Machine learning has recently come into its own because of the potential for applied automation in finding patterns and correlations in data sets. It’s “very much at the heart of modern applications that developers build,” said James Kobielus (pictured), senior program director of product marketing and big data analytics, IBM Analytics, at IBM Corp.
While machine learning has been around for a number of years in the form of artificial neural networks, recent developments have commercialized and refined the tools of machine learning to a much greater degree, making them far more useful to data scientists. Today’s launch for IBM‘s Machine Learning platform, delivered first to IBM’s z System mainframes, will greatly help data scientists automate and process the data that they need, Kobielus explained.
Kobielus joined Dave Vellante (@dvellante) and Stu Miniman (@stu), co-hosts of theCUBE, SiliconANGLE Media’s mobile live streaming studio, during the IBM Machine Learning Launch Event in New York, NY, to discuss the potential of machine learning that extends beyond data scientists. (*Disclosure below.)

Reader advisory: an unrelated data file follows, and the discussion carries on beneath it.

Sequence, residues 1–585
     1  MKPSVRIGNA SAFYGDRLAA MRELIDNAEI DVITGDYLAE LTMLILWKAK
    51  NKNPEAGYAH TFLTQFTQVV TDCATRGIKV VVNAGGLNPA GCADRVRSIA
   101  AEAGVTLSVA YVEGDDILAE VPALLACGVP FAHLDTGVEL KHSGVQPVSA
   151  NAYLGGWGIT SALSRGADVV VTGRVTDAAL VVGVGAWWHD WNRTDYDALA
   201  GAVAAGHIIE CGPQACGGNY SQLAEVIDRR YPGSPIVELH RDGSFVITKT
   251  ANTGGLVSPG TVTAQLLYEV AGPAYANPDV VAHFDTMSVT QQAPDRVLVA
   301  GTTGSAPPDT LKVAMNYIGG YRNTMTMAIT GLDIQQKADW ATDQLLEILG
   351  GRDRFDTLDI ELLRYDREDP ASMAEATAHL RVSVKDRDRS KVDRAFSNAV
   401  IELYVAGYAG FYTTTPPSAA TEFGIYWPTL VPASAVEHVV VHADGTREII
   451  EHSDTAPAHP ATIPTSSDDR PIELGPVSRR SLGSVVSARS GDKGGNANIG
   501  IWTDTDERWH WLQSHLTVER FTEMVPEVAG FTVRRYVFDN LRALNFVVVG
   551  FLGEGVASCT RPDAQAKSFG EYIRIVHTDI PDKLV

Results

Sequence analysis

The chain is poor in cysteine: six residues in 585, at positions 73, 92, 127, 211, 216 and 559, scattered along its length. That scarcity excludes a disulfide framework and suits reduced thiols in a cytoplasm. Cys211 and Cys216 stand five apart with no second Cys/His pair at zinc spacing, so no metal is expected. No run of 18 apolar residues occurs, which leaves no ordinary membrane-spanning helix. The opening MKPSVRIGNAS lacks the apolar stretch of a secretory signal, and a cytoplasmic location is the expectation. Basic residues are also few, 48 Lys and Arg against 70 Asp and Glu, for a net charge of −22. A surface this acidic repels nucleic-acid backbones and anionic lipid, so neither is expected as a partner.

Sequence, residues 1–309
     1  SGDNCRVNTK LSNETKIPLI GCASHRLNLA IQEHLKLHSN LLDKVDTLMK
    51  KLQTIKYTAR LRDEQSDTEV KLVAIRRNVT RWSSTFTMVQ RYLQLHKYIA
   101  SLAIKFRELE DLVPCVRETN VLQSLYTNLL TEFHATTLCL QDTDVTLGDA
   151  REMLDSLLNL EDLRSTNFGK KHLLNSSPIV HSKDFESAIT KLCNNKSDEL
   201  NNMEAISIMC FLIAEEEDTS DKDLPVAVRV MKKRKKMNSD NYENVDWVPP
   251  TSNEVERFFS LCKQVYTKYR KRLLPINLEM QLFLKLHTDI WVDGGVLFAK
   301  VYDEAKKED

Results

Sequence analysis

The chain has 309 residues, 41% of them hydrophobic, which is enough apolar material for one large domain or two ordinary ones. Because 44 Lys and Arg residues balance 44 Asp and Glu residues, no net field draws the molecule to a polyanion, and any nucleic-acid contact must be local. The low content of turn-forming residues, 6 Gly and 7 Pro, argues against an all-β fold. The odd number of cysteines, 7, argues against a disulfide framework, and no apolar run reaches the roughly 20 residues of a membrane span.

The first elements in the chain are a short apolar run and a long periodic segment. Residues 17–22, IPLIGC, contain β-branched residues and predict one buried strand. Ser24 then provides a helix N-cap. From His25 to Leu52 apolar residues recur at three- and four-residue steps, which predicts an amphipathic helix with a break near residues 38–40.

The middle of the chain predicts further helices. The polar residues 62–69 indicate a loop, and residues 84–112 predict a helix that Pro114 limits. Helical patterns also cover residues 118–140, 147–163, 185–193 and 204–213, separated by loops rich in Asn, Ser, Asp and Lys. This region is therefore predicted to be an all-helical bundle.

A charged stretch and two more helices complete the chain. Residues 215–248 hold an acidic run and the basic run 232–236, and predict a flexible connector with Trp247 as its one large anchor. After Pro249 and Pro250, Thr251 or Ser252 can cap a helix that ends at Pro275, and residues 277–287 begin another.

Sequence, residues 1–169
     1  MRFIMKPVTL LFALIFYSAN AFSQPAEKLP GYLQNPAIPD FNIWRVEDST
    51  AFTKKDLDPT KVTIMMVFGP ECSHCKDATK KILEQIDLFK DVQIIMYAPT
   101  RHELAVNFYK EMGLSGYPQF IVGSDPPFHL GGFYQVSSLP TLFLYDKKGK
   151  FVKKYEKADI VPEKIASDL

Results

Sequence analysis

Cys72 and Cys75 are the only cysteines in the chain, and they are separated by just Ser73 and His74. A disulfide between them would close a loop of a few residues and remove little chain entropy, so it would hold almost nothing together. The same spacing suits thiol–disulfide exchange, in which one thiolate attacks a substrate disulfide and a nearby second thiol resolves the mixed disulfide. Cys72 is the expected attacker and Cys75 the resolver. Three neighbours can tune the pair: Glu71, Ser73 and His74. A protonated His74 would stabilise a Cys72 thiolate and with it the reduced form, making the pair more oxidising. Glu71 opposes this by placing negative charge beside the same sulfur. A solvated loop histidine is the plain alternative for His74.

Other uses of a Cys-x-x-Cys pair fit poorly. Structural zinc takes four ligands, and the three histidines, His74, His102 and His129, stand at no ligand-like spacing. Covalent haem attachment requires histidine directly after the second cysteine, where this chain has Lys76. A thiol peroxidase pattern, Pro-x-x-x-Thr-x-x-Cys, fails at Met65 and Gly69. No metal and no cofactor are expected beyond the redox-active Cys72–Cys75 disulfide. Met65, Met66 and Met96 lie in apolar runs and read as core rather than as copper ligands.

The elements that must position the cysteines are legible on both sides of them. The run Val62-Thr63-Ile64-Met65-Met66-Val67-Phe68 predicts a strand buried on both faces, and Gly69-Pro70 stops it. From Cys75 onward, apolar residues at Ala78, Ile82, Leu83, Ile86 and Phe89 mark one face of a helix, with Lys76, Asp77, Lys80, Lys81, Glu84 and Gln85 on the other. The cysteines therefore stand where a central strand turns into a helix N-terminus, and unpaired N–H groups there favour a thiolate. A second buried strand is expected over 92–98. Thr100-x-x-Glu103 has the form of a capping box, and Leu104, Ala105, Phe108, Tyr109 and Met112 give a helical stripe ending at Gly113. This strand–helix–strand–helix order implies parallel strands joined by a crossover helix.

The future of machine learning
In the past 10 years, Kobielus has seen the business-intelligence community move toward self-service and predictive analytics. He visualizes a similar dynamic coming into machine learning, with the democratization of data built on a self-service model. The day will come when users can build machine learning and deep learning models without the need for a university education, he stated. It is just a matter of the maturation of technology in the marketplace over time.
Kobielus explained that it is useful to think of the computer age as consisting for three eras. The first was in the years before WWII, where there was an emphasis on electromechanical computing devices. The second era, extending from WWII to the present day, was focused around software. At the turn of 2010, we have entered the third era of cognitive computing, where computers are learning the business rules automatically from the data itself. This involves machine learning at its very heart, he concluded.
Watch the complete video interview below, and be sure to check out more of SiliconANGLE and theCUBE’s coverage of the IBM Machine Learning Launch Event 2017 NYC. (*Disclosure: TheCUBE is a media partner at the conference. Neither IBM nor other sponsors have editorial control over content on theCUBE or SiliconANGLE.)